SOSANT2270 – Contemporary studies in kinship and gender
Schedule, syllabus and examination date
Gender and kinship are key issues in anthropology, although the latter has traditionally carried much more weight than the former.
Whereas kinship has to a certain extent framed the discipline of anthropology, gender studies first gained momentum in the 1970s, fomenting a critical perspective on the discipline as a whole, including kinship.
As analytical concepts, kinship and gender converge around the debates on natural differences, biological givens, and the ethnocentric bias of the use of these concepts in anthropology: that kinship and gender studies have been based on a western folk model of human reproduction and that the (sexual) difference between men and women have been seen as pre-social.
Within contemporary anthropology, kinship and gender are viewed as mutually constitutive; one cannot be properly grasped without paying due attention to the other. Both kinship and gender are about relational practices, articulating different forms of relatedness.
Moreover, there is a general recognition that not only are there cross-cultural variations in the way kinship and gender are perceived and practiced but that also within any one society there may be different elaborations of kinship and gender. This course will focus on the nature of such elaborations, both practices and processes, as these are productive of social inequalities and notions of difference more generally. Thus we will explore how kinship and gender practices inform social relations of:
Whereas the study of gender has increased its significance within complex, modern societies, the contrary, it appears, holds true for kinship.
Among social scientists, there has been a tendency to assume that with modernity, kinship loses its organizing and explanatory force. However, as this course will demonstrate, both kinship and gender are central to our understandings of contemporary societies.
One domain where kinship and gender intersect is reproduction, amply evident in practices of assisted conception. Ideas and practices of kinship and gender are also vital to:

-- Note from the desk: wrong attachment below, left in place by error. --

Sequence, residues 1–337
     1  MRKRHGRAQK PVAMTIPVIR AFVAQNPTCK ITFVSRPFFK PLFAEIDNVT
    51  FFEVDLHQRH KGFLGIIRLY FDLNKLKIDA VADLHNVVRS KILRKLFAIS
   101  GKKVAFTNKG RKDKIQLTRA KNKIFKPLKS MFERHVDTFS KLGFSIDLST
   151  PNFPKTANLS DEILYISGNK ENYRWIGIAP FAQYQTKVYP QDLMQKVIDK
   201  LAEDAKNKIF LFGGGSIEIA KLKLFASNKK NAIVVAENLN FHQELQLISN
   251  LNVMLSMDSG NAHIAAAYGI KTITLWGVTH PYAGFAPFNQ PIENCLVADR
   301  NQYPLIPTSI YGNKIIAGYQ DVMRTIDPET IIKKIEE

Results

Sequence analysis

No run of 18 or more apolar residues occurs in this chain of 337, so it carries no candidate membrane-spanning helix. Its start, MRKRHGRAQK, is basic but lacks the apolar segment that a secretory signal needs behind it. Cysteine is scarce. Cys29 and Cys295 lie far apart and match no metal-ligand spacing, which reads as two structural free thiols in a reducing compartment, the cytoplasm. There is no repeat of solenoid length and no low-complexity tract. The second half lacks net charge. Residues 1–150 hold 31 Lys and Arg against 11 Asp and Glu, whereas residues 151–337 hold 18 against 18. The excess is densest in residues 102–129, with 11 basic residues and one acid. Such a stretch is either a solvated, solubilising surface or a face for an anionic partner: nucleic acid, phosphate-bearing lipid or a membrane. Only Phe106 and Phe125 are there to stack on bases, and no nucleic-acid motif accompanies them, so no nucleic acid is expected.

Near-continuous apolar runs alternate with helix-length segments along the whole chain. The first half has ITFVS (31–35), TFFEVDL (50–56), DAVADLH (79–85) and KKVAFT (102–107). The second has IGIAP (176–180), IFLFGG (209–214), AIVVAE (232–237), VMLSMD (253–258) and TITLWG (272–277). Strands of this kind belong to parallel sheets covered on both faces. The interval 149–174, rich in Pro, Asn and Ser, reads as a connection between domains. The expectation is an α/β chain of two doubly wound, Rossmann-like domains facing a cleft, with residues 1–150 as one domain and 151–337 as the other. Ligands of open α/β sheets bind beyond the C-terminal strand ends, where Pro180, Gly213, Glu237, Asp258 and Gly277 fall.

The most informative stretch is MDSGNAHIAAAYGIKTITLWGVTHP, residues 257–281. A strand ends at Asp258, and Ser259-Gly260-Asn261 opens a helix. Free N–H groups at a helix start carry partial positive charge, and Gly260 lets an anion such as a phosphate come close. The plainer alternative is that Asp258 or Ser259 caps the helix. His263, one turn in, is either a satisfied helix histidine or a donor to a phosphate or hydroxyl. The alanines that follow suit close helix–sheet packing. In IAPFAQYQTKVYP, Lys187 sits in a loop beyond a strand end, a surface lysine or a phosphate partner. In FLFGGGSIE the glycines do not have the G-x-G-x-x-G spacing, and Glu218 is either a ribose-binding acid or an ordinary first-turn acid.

- religion and Law
Drawing on a cross-cultural perspective, and with a view to critical reflection, the course aims to explore the kinds of contemporary phenomena that kinship and gender help to elucidate and how these two core modes of relatedness come together.
- a general understanding of the relevance of kinship and gender theories
- analytical perspectives on gender and kinship
- insight into the mutually constitutive role of kinship and gender
- significance of kinship/gender for grasping contemporary phenomena and processes
- appreciate the significance of comparative analysis
- increased analytical competence and critical reflection
- ability to read texts with a view to kinship and gender, both empirically and theoretically
- familiarity with key approaches to gender and kinship studies
- ability to develop an argument based on academic sources
- critically examine links between theoretical, analytical and empirical arguments
- achieve an independent critical mind
- the ability to express arguments both written and verbally
- achieve basic knowledge of academic integrity, including the correct use of references/sources
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Recommended previous knowledge
Basic knowledge of Social Anthropology.
Lectures take place throughout the semester.
Take-home exam. The exam paper must be minimum 2 900 words and maximum 4 400 words including cover page and foot- or endnotes.
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Use of sources and citation
Language of examination
You may write your examination paper in Norwegian, Swedish, Danish or English.
Grades are awarded on a scale from A to F, where A is the best grade and F is a fail. Read more about the grading system.
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The explanation should normally be given within two weeks after you have asked for it.
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Withdrawal from an examination
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Special examination arrangements
Application form, deadline and requirements for special examination arrangements.